• Identify them… with the help of their references – start by being suspicious if all the references they provide are obscure and difficult to check. Next, tell them which references you want to contact and look for any hesitancy on their part at this step because most fake candidates won’t know the actual contact information of the real person’s actual references. In many cases, it’s best that you yourself find and verify the actual contact information for each reference. Also, consider checking several more additional references for applicants for these remote jobs. During your reference checking, try to talk to the actual person live. Start the conversation by telling each reference about your deepfake issue. And ask them if they knew that the person was actively looking. And then consider asking them for ways that you might use to determine if this applicant is a deep flight (like an obscure but non-personal piece of information that only the real person would know). 
  • Identify them… using current and past employees – if you are a large organization, the odds are that someone in your employee base knows them. If so, ask an employee that knows them to contact them to see if they are in job search mode.

3) Identify them through the use of “clever hard to fake an answer” interview questions

Identify them through the strategic use of interview questions that only the real person could answer.

  • Give them a real problem that only an expert would know the answer – not only will giving them an advanced technical question as part of the interview help you gauge their capabilities. But it may instantly scare away some impersonators.
  • Ask them about their created content – scan their LinkedIn profile for professional content. And then ask them detailed questions about something they have written or presented. 
  • Ask them for details on their previous work – most fakes use a real person’s resume. So they are likely to know few details about the real person’s past work. So infer that you have talked extensively with their past manager. And then ask them to give details on a past project failure. Because, in most cases, only someone who went through a major failure would know the details. Also, infer that you know their last manager well. And ask them to tell you something about that manager that only his/her team members would know. And then verify that information during reference checking.
  • Ask the fake candidate about things that many bad actors wouldn’t know – because many of these deepfakes live in North Korea, China, Nigeria, or Russia. Sometimes you can identify these fakes by asking them questions about Western civilization that hackers from these countries would be unlikely to know the answer to (in a manner similar to what an intelligence officer would ask when interrogating a prisoner with no papers or ID). Example – what is CNN? Or say something harsh about the above countries and see if you get a harsh reaction.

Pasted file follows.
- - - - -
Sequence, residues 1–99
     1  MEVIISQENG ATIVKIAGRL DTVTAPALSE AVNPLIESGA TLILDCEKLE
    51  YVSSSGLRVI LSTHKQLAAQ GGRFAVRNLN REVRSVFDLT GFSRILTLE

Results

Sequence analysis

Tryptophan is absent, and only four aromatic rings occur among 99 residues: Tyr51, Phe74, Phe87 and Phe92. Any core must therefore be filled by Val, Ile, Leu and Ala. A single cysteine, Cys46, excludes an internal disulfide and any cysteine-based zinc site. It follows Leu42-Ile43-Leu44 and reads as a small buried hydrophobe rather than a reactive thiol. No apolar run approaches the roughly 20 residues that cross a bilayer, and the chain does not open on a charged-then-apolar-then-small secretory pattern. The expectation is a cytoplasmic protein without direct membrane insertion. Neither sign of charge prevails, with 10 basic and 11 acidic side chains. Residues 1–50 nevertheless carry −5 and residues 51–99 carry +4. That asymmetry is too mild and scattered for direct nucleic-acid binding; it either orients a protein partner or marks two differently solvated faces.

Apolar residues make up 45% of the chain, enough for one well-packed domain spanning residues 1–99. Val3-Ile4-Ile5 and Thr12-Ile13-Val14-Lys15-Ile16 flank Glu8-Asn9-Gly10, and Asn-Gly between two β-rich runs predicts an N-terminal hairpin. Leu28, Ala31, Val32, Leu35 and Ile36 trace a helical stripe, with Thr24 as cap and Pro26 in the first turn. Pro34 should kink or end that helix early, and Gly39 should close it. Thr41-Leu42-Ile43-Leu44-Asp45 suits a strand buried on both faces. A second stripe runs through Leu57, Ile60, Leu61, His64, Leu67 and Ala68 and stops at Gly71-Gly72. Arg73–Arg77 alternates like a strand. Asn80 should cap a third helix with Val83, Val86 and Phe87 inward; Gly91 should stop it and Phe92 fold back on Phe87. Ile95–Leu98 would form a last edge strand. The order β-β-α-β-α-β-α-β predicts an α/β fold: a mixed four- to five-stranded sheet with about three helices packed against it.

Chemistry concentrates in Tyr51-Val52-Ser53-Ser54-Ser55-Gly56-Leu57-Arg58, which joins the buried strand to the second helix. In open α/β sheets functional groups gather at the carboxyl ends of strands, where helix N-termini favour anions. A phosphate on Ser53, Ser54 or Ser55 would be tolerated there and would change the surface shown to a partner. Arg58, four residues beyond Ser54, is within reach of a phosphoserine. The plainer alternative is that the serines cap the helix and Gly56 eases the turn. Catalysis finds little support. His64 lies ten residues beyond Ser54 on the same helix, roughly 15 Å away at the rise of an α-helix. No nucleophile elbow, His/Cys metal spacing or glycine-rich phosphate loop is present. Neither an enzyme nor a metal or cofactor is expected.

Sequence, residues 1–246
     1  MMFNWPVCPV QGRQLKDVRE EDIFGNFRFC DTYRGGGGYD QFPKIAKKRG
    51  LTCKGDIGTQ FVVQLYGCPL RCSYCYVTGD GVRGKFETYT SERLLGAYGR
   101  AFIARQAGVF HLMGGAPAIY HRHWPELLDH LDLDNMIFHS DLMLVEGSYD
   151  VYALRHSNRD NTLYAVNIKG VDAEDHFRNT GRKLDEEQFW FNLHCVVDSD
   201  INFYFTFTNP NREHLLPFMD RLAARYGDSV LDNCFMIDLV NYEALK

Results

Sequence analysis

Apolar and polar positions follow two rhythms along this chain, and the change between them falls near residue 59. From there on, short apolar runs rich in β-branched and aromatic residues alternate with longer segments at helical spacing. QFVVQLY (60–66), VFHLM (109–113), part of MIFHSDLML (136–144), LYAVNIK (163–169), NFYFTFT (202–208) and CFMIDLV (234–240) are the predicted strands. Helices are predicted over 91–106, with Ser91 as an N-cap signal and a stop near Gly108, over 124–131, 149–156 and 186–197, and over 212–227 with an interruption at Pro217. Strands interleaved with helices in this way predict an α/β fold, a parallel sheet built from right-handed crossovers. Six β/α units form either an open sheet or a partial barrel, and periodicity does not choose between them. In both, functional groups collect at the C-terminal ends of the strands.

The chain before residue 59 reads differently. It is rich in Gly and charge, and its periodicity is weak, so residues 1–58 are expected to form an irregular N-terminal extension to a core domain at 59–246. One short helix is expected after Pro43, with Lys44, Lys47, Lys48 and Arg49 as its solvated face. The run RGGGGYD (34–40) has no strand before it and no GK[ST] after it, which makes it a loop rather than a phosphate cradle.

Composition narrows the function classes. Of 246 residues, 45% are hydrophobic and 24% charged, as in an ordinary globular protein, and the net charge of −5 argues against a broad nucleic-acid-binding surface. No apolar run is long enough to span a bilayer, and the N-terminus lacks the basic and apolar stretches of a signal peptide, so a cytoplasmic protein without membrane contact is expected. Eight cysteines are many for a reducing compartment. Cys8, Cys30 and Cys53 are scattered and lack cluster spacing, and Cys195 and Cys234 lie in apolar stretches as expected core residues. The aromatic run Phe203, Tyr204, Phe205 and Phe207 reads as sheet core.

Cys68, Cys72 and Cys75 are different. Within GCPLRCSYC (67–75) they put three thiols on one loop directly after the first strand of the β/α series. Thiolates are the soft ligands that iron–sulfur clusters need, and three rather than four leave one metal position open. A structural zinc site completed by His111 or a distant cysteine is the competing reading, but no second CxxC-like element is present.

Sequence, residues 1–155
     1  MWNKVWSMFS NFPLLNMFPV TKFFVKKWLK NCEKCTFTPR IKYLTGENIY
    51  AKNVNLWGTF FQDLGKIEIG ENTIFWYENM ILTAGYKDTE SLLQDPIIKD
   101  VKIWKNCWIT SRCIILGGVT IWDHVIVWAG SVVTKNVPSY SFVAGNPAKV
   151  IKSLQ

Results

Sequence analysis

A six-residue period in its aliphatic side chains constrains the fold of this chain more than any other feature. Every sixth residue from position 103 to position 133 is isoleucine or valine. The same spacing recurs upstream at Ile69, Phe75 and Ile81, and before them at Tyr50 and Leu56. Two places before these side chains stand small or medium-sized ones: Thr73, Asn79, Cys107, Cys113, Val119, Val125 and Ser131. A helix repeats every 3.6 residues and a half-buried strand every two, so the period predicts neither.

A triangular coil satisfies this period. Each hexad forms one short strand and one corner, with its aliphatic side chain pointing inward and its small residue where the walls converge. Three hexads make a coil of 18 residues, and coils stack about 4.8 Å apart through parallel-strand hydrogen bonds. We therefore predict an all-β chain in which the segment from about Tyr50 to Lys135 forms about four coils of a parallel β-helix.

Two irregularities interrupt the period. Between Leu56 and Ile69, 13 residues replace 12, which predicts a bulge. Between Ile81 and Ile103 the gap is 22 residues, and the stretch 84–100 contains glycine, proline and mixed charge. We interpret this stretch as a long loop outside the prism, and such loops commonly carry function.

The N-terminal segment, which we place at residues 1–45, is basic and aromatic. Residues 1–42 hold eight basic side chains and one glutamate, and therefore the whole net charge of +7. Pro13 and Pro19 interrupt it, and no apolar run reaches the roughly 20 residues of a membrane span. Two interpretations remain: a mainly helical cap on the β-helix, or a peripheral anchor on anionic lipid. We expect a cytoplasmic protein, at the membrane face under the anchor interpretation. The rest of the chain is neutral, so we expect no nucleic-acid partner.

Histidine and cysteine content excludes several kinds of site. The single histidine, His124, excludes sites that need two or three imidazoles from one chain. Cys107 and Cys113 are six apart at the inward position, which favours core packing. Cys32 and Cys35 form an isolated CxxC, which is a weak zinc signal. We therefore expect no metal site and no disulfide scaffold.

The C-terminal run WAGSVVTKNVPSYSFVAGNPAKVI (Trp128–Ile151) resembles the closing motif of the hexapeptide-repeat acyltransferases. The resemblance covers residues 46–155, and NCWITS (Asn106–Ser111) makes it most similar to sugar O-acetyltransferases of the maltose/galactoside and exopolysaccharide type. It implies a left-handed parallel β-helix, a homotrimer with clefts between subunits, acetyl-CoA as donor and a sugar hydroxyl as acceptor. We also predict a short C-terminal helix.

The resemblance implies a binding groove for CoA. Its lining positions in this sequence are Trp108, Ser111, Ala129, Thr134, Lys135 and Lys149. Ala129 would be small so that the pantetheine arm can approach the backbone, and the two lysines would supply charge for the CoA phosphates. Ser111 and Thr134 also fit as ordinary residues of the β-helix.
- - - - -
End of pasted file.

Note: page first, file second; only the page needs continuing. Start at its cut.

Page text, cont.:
• Ask them about personal things – within legal boundaries, consider asking them about on-the-job insider things or personal things that only a real person would know. For example, say that you heard that they have tattoos and ask them to show you one of them on the video.
  • Ask them to show several IDs to the camera – because a fake candidate would not have the actual physical IDs (or passport) of the real candidate. So ask them on camera to show you one or more of their picture ID’s during a video interview (make sure their age, race, height, and weight are physically taped over).

4) Identify them by spotting contradictory information

  • Identify the actual candidates through the extensive use of skill testing – both real and deepfake candidates can fool you during interviews that involve mostly talking. However, if you supplement those interviews with vigorous technical skill tests. You will screen out most of the barely qualified deepfake candidates.
  • Identify them… by cross-verifying – most professionals have LinkedIn profiles. So look for comparison errors between their LinkedIn profile and their submitted resume. First, look for a significant difference in their dates of employment. Also, look for rapidly created profiles with only basic information and few connections. And finally, look for conflicts between what they say during interviews and what they say in their resume and on their social media sites.

5) Identify them because of physical anomalies that you spot during their video interviews

Please note that in scientific research humans have been proven not to be very successful in identifying deepfakes. So be aware that every one of the following techniques has not been proven to be completely accurate and reliable. So I highly recommend that you rely on human spotting only as a last resort.

  • Identify them… through anomalies spotted in the video – many argue that a good sign that this is an AI-driven interview is when the candidate’s eyes don’t blink (or they blink too much). Or when there appears to be a bad lip-synch. Or any time when the actions or the look of the candidate do not appear to be real. Others argue that you should look for cases where their skin appears too smooth or too wrinkly. While two others urge you to look for hair or facial hair or eyes and eyebrows that don’t look natural. Failing to see a reflection in the candidate’s glasses can be another final clue to consider.